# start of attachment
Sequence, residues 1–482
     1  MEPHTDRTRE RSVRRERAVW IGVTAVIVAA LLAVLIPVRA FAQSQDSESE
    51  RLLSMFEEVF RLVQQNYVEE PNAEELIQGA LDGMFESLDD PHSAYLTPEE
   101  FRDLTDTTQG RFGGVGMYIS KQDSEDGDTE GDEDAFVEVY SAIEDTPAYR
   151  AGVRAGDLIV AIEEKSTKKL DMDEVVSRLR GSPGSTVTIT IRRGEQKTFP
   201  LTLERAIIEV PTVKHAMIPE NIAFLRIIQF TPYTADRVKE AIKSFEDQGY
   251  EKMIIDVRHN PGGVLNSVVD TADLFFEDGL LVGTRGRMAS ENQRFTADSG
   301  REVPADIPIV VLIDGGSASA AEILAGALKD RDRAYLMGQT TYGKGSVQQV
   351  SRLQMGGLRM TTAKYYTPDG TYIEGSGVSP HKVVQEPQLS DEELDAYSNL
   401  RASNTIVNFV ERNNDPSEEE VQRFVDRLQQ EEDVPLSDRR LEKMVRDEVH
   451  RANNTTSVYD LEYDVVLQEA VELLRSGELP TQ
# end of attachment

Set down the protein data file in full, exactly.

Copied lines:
Sequence, residues 1–482
     1  MEPHTDRTRE RSVRRERAVW IGVTAVIVAA LLAVLIPVRA FAQSQDSESE
    51  RLLSMFEEVF RLVQQNYVEE PNAEELIQGA LDGMFESLDD PHSAYLTPEE
   101  FRDLTDTTQG RFGGVGMYIS KQDSEDGDTE GDEDAFVEVY SAIEDTPAYR
   151  AGVRAGDLIV AIEEKSTKKL DMDEVVSRLR GSPGSTVTIT IRRGEQKTFP
   201  LTLERAIIEV PTVKHAMIPE NIAFLRIIQF TPYTADRVKE AIKSFEDQGY
   251  EKMIIDVRHN PGGVLNSVVD TADLFFEDGL LVGTRGRMAS ENQRFTADSG
   301  REVPADIPIV VLIDGGSASA AEILAGALKD RDRAYLMGQT TYGKGSVQQV
   351  SRLQMGGLRM TTAKYYTPDG TYIEGSGVSP HKVVQEPQLS DEELDAYSNL
   401  RASNTIVNFV ERNNDPSEEE VQRFVDRLQQ EEDVPLSDRR LEKMVRDEVH
   451  RANNTTSVYD LEYDVVLQEA VELLRSGELP TQ